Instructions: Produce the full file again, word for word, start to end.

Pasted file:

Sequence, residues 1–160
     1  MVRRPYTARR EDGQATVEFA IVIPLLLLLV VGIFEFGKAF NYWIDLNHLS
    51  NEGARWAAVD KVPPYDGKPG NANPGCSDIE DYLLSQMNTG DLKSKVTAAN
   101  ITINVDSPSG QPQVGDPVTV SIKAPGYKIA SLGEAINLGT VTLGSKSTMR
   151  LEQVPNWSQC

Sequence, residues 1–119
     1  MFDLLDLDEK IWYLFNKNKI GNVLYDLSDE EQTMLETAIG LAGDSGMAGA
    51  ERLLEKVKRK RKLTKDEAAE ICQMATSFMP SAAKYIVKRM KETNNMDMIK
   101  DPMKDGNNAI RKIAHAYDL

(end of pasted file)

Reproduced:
Sequence, residues 1–160
     1  MVRRPYTARR EDGQATVEFA IVIPLLLLLV VGIFEFGKAF NYWIDLNHLS
    51  NEGARWAAVD KVPPYDGKPG NANPGCSDIE DYLLSQMNTG DLKSKVTAAN
   101  ITINVDSPSG QPQVGDPVTV SIKAPGYKIA SLGEAINLGT VTLGSKSTMR
   151  LEQVPNWSQC

Sequence, residues 1–119
     1  MFDLLDLDEK IWYLFNKNKI GNVLYDLSDE EQTMLETAIG LAGDSGMAGA
    51  ERLLEKVKRK RKLTKDEAAE ICQMATSFMP SAAKYIVKRM KETNNMDMIK
   101  DPMKDGNNAI RKIAHAYDL